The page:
Law school Dean Makau Mutua resigns
Dean Mutua faces allegations of lying under oath in federal court
Law school Dean Makau Mutua has resigned. The resignation comes amid allegations that he lied in federal court and in a state administrative proceeding.
The alleged lying under oath stems from a 2011 case filed by Jeffrey Malkan who says the dean wrongfully terminated his contract as a clinical professor. Malkan had signed a contract in November 2006 that stated he could only be fired for cause in accordance to the law school accreditation standard. Two months after becoming dean, Mutua terminated the contract.
The suit also alleges that Malkan was denied due process under the 14th Amendment.
Mutua, who has been dean for seven years, will step down officially on Dec. 19, but he will continue to teach at UB as a SUNY Distinguished Professor and Floyd H. and Hilda L. Hurst Faculty Scholar. Mutua is a Harvard graduate and a well-known leader in international human rights.
Provost Charles Zukoski sent an email to faculty Monday announcing the resignation. He did not mention the lawsuit in the email, but focused on Mutua’s accomplishments as dean, which include recruiting 22 new faculty members, offering more experiential learning opportunities for students and fundraising $23 million.
“I decided to step down because it was the right time: A seven-year tenure is twice as long as the typical tenure for a law dean, and I’ve accomplished what I set out to do,” Mutua said in a written statement to The Spectrum.
Faculty and students interviewed by The Spectrum offered tepid to scathing critiques of Mutua’s tenure and many students insist they have never seen Mutua on campus nor interacted with him. In October 2010, the law school faculty attempted to hold a vote of no confidence in Mutua, but the attempt was dismissed by then President John B. Simpson and then Provost Satish Tripathi, according to email correspondence obtained by The Spectrum in 2013.
Like many law schools across the country, UB’s law school has been retrenching in recent years and in March, the school announced its plans to shrink its incoming class from 200-225 students to fewer than 200 and to reduce its faculty from 48 to 40.
The Malkan case began in 2011 and names both Mutua and law professor Charles Ewing, who served as head of the law school grievance committee that heard Malkan’s complaint. The federal case, in U.S. district court, is now at the stage of considering summary judgment, which involves whether the case can go forward to trial. The newest development in the case came in August when Ewing filed a motion to have his case separated from Mutua’s. In the motion, Ewing’s lawyers argue Ewing was an “innocent bystander,” who got caught in the disagreements between Malkan and Mutua.
Therefore, Ewing has asked the court to separate his case from Mutua’s “to avoid foreseeable ‘spill-over effect’ and indelible prejudice,” against him in light of the false testimony allegations against Mutua.
Ewing could not be reached for comment, but on Tuesday Malkan told The Spectrum Ewing’s involvement was “marginal” and that “he wasn’t responsible for the wrongdoing.” Malkan said his lawyers have “put papers in to dismiss [Ewing] from the lawsuit.”
“I’ve been so frustrated for the last couple of years,” Malkan said. “I couldn’t believe Mutua was still in the dean’s office with these allegations over his head. There’s no way a dean can function until his name is cleared.”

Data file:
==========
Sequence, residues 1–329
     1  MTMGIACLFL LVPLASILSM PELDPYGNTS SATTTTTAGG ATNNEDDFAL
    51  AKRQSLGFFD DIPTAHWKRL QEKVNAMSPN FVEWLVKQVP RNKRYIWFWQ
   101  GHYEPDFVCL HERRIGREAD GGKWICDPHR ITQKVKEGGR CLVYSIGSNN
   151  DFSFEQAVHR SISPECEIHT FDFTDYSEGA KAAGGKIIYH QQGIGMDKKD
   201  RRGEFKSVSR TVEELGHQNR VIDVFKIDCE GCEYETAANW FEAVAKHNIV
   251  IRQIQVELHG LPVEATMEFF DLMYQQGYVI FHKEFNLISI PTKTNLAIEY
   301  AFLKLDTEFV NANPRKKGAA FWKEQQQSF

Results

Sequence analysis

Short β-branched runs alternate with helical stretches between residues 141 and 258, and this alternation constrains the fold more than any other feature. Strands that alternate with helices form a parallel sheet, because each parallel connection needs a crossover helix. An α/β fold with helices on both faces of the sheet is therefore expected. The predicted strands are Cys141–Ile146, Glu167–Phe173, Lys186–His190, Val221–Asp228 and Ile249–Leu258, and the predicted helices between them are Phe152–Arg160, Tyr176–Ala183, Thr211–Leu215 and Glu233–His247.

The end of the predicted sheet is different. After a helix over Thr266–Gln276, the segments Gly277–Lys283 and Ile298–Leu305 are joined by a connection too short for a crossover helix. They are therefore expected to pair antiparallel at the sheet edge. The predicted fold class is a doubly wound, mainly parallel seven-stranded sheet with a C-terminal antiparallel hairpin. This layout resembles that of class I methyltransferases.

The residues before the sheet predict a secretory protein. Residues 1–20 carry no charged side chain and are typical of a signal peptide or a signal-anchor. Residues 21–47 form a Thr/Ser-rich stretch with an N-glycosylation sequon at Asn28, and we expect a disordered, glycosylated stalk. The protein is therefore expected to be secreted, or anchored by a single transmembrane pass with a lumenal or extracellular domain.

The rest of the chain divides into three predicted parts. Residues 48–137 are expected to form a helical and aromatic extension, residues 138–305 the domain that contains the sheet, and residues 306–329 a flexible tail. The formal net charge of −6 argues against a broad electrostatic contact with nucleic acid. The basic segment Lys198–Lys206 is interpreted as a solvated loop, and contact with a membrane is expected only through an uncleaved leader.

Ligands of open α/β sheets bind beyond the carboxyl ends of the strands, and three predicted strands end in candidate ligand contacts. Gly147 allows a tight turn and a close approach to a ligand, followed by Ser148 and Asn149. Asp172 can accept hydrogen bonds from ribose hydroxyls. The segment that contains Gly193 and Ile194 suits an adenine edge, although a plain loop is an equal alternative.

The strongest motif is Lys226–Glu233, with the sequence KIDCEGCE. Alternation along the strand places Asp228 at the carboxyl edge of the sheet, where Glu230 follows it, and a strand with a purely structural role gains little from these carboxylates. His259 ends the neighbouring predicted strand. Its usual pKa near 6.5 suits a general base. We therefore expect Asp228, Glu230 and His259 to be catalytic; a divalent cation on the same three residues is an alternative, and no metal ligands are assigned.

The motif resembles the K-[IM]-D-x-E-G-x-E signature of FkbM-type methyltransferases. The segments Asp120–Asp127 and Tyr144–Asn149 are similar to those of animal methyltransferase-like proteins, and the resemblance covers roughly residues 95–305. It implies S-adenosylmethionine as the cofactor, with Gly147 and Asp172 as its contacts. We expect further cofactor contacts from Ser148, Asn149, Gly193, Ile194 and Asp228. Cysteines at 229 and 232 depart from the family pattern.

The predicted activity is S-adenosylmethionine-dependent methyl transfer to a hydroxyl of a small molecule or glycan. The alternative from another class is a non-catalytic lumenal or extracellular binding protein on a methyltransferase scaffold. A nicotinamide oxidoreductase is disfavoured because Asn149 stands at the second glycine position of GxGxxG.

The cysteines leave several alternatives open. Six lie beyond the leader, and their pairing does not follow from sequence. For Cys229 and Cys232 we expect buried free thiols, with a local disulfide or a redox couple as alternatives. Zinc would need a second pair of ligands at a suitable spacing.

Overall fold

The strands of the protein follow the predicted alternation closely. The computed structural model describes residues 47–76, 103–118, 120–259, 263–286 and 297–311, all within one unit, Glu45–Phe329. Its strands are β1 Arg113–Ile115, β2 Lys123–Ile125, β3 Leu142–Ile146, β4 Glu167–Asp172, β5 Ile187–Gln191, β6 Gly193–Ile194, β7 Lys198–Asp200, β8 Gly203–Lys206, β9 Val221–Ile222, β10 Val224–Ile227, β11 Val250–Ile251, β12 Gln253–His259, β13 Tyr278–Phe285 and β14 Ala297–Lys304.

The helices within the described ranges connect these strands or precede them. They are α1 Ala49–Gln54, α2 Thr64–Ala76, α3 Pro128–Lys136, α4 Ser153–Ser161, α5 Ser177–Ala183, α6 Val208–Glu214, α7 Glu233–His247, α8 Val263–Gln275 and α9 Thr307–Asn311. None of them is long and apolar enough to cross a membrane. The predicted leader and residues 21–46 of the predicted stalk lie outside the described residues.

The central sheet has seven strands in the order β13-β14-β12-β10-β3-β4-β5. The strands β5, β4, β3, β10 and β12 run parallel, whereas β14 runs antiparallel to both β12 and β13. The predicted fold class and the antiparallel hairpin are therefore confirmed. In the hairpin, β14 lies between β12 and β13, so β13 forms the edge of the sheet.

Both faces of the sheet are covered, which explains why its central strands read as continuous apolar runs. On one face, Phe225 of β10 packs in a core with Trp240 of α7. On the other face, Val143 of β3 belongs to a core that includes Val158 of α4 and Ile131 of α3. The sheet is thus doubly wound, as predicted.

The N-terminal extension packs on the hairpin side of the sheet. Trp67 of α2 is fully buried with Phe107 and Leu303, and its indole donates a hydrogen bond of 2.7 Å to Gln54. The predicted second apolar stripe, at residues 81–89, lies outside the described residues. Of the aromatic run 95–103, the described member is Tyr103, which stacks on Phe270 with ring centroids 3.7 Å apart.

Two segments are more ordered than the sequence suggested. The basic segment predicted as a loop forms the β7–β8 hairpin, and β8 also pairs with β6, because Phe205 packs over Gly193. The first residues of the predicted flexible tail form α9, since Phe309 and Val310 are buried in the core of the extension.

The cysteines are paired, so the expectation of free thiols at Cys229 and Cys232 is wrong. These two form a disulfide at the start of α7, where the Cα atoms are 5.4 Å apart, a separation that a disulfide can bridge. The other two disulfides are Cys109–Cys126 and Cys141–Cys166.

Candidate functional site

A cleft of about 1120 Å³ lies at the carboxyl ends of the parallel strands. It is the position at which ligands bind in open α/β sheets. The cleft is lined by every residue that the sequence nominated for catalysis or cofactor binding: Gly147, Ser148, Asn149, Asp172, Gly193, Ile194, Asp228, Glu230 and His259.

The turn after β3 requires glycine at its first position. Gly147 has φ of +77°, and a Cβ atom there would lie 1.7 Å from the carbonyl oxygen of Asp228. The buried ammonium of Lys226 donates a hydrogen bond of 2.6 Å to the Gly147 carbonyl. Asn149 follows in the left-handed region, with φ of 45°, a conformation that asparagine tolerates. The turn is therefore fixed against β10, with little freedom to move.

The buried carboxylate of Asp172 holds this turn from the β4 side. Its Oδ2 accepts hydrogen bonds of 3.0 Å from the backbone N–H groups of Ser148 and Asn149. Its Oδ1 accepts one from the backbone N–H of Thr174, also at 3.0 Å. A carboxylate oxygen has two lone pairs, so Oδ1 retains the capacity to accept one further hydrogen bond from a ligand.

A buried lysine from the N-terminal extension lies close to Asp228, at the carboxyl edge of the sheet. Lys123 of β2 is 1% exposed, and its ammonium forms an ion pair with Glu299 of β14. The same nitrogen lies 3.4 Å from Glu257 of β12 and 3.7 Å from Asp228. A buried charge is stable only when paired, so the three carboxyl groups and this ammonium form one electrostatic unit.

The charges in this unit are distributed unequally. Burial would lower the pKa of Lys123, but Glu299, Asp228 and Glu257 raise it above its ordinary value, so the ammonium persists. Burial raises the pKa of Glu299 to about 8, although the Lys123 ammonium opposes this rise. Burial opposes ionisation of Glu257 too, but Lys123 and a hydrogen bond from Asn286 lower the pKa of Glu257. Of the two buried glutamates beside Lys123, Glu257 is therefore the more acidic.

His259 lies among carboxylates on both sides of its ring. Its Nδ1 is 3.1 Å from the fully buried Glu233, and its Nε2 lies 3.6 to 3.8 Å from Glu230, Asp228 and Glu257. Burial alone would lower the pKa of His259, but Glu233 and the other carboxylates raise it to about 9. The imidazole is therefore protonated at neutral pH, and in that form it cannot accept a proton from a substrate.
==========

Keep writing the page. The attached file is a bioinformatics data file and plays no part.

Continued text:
The motion to separate the trials highlights the significance of the perjury allegations, which stem from testimony Mutua gave regarding a faculty vote on Malkan’s promotion to clinical professor at a Committee on Clinical Promotion and Renewal (CCPR) meeting. Seven faculty members testified that the vote took place. Mutua said under oath the vote did not take place, rather that it was a vote to retain Malkan as a director of the Research and Writing program.
Mutua also testified former UB President William Greiner, who was a member of the law school faculty, spoke at the meeting. UB law faculty members testified Greiner was not at the meeting.
Malkan said that at the time of the 2006 CCPR meeting, Greiner was sick and not regularly attending faculty meetings. Greiner died in 2009.
When Mutua was asked to produce Malkan’s promotion dossier – an official document a person up for promotion needs to prepare – for the court, the dean said it had disappeared. He said he didn’t know what happened to it and it was missing when he took over the dean’s office.
Malkan said Tuesday it was an “obstruction of evidence.”
“It’s unthinkable that a dean of a law school would commit perjury and subvert the process and actually produce a miscarriage of justice,” Malkan said.
The university said it does not comment on pending litigation.
The Spectrum reached out to numerous law professors and students, most of whom declined to go on the record about the atmosphere of the law school and the allegations against Mutua.
However, The Spectrum has pieced together a paper trail that indicates discontent, which includes the October 2010 attempt by three tenured faculty members to hold a meeting to request a vote of no confidence in Mutua.
Former President John B. Simpson and then Provost Satish Tripathi asked the faculty to attend the meeting that would be held on Oct. 22, according to emails obtained by The Spectrum in 2013. Mutua declined the meeting despite receiving a request signed by three members of the faculty in accordance with faculty bylaws.